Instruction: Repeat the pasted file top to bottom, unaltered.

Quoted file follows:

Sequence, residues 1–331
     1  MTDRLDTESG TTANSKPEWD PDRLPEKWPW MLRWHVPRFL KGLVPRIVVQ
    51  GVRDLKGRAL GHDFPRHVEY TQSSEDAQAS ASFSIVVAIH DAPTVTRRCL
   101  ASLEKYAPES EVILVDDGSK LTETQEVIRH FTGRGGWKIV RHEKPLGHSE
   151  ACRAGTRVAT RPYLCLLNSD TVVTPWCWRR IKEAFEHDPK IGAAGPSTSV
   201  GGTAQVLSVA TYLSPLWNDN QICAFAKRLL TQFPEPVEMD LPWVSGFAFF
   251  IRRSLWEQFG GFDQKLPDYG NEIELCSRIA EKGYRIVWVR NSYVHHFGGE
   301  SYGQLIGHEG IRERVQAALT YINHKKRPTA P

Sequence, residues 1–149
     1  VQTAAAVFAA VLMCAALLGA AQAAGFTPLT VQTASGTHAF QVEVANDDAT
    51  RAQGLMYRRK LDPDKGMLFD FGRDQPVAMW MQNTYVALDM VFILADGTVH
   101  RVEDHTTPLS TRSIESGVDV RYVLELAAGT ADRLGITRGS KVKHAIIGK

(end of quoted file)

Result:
Sequence, residues 1–331
     1  MTDRLDTESG TTANSKPEWD PDRLPEKWPW MLRWHVPRFL KGLVPRIVVQ
    51  GVRDLKGRAL GHDFPRHVEY TQSSEDAQAS ASFSIVVAIH DAPTVTRRCL
   101  ASLEKYAPES EVILVDDGSK LTETQEVIRH FTGRGGWKIV RHEKPLGHSE
   151  ACRAGTRVAT RPYLCLLNSD TVVTPWCWRR IKEAFEHDPK IGAAGPSTSV
   201  GGTAQVLSVA TYLSPLWNDN QICAFAKRLL TQFPEPVEMD LPWVSGFAFF
   251  IRRSLWEQFG GFDQKLPDYG NEIELCSRIA EKGYRIVWVR NSYVHHFGGE
   301  SYGQLIGHEG IRERVQAALT YINHKKRPTA P

Sequence, residues 1–149
     1  VQTAAAVFAA VLMCAALLGA AQAAGFTPLT VQTASGTHAF QVEVANDDAT
    51  RAQGLMYRRK LDPDKGMLFD FGRDQPVAMW MQNTYVALDM VFILADGTVH
   101  RVEDHTTPLS TRSIESGVDV RYVLELAAGT ADRLGITRGS KVKHAIIGK